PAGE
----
The Court dismissed Plaintiff's retaliation claim for failure to exhaust administrative remedies because the Court concluded that Plaintiff had not pursued before the EEOC the same retaliation claim advanced in this case. In her Intake Questionnaire filed with the EEOC, Plaintiff alleged discriminatory retaliation "for a complaint on Karen Morris," her supervisor. See Def.'s Mot. to Dismiss [Dkt. # 13], [Ex. 2-A] Intake Questionnaire at 3. However in her amended complaint, Plaintiff complains of discriminatory retaliation for requesting a reasonable accommodation, i.e., to be permitted to work from home. See Am. Compl. ¶¶ 65--75; Johnson-Parks, 713 F. Supp. 2d at 46. The Court thus reasoned that "[w]hile plaintiff's Intake Questionnaire identified retaliation as a basis for discrimination, the associated protected activity in her EEOC filing is not the same as that identified in the amended complaint." Johnson-Parks, 713 F. Supp. 2d at 46. The Court concluded "that the retaliation claim pled was not administratively exhausted and, therefore, it cannot be maintained here." Id.

Plaintiff's motion for reconsideration of the Court's ruling is timely and granting it would not unduly prejudice Defendant. On reconsideration, the Court concludes that it erred in not considering certain statements in Plaintiff's charge that show that she did exhaust the specific retaliation claim advanced in this case-a conclusion that is buttressed by new evidence produced during discovery. Plaintiff's retaliation claim will therefore be reinstated.

A. The Motion is Both Timely and Not Unduly Prejudicial

Defendant argues that Plaintiff's motion is "belated" and that granting it "would be akin to permitting a post-discovery amendment to the Complaint," contrary to the Court's order that all motions to amend pleadings be filed by August 5, 2010. Def.'s Opp'n at 3. Defendant also argues undue prejudice. Id. at 2--3. These arguments are unpersuasive.

First, the motion is not belated. A district court may reconsider an interlocutory order "at any time" before final judgment of all claims for all parties is entered in a case. FED. R. CIV. P. 54(b) (emphasis added). It follows, then, that a motion for such reconsideration may also be made at any time within reason. Discovery closed in this case on February 7, 2011. See Minute Order Jan. 21, 2011. The instant motion, which is based in part on documents produced during discovery, was filed only four days later. On this record, Plaintiff's motion is reasonably timely.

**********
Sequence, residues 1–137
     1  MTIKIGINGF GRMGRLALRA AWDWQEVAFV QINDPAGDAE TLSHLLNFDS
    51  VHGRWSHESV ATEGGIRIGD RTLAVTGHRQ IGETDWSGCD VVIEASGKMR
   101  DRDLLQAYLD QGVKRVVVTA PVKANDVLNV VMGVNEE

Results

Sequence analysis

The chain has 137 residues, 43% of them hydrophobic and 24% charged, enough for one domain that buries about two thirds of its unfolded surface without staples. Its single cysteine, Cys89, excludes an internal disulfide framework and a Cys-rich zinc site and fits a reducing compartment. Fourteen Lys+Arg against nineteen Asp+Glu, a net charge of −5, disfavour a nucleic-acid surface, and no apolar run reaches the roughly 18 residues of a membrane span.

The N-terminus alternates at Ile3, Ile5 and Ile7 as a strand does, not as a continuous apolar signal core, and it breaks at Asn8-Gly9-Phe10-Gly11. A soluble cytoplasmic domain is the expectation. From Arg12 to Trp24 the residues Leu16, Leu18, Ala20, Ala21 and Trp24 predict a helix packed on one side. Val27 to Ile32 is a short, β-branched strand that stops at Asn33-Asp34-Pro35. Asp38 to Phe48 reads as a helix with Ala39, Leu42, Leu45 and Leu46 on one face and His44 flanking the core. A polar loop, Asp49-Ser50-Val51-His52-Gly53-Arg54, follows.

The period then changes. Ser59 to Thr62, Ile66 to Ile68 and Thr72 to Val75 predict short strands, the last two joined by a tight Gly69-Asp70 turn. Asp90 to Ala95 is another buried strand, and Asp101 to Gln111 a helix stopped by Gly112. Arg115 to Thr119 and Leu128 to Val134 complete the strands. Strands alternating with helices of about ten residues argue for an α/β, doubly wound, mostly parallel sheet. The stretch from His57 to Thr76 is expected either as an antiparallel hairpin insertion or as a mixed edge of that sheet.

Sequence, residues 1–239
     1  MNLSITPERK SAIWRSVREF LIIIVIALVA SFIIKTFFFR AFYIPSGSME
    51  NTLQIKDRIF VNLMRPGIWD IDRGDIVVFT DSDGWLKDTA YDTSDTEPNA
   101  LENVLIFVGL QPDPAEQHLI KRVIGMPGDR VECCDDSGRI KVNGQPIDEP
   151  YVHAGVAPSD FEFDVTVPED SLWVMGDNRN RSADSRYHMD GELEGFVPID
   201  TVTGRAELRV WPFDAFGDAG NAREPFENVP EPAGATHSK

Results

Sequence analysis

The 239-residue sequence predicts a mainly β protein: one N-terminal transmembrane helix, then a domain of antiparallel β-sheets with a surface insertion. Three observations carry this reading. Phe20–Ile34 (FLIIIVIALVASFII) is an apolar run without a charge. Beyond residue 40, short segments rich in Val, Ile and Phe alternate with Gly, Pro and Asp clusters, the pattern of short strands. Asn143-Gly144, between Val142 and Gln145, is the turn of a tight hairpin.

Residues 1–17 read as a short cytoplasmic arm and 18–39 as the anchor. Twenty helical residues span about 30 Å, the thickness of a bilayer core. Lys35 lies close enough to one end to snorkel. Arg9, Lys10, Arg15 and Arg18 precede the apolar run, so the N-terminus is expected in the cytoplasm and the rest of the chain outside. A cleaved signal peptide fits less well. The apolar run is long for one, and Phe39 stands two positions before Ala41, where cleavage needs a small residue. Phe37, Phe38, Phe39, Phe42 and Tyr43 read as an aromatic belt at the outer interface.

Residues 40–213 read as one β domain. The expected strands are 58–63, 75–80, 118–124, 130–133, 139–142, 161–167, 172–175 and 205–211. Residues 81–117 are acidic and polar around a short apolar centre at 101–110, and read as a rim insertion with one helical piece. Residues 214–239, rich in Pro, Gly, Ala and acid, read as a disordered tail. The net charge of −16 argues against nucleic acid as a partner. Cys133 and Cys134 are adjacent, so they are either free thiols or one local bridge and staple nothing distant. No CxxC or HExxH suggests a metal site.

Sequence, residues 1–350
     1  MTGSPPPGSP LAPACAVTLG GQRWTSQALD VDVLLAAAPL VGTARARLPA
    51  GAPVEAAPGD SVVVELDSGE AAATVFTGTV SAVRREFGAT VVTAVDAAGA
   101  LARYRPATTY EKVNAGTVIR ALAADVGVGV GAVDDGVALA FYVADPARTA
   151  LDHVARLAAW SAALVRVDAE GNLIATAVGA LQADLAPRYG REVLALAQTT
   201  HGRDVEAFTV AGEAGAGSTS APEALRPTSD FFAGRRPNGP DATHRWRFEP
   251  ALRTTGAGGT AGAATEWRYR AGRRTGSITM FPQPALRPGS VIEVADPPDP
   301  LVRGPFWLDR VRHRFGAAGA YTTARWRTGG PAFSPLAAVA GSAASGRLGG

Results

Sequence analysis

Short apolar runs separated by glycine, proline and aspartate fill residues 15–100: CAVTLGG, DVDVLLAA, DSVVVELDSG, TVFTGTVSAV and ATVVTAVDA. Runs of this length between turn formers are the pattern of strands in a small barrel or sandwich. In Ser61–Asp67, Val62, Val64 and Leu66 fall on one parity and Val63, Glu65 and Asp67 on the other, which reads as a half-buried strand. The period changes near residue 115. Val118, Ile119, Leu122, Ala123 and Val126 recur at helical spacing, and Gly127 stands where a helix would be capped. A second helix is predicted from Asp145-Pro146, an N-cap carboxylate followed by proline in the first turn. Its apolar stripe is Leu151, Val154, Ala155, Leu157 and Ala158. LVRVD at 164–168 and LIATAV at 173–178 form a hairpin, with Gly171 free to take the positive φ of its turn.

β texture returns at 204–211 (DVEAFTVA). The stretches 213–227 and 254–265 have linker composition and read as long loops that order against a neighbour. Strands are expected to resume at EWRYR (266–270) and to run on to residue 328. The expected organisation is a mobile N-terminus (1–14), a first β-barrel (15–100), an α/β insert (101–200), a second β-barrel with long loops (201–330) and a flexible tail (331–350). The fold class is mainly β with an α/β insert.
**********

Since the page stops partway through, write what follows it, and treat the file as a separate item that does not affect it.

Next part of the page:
Second, granting the motion would not be akin to permitting further amendment to the amended complaint. It would simply reinstate existing portions of the amended complaint. Defendant cites no authority to the contrary. To the extent that Plaintiff points to documents produced during discovery, those documents merely bolster Plaintiff's argument that an exhausted retaliation claim is already well pled in the complaint. Those documents do not themselves become part of the complaint simply by virtue of the Court's consideration of them on this motion to reconsider.

Finally, even if the Court were to construe reconsideration of a dismissal as an amendment to a complaint, if justice requires such reconsideration, justice similarly requires such amendment. See FED. R. CIV. P. 15(a)(2) (permitting late amendments of pleadings "when justice requires"). Defendant is not prejudiced by the possibility of a short re-opening of discovery, if needed.

B. Plaintiff's Retaliation Claim will be Reinstated

"Before bringing suit in federal court, ADA . . . plaintiffs . . . must exhaust their administrative remedies by filing an EEOC charge and giving that agency a chance to act on it." Ellis v. Georgetown Univ. Hosp., 631 F. Supp. 2d 71, 75 (D.D.C. 2009) (citing 42 U.S.C. § 12117(a)). The issue on reconsideration is whether Plaintiff included a claim of retaliation for requesting and, for a time receiving, a work-from-home accommodation for her disability, as opposed to a claim of retaliation only for making complaints about her supervisor.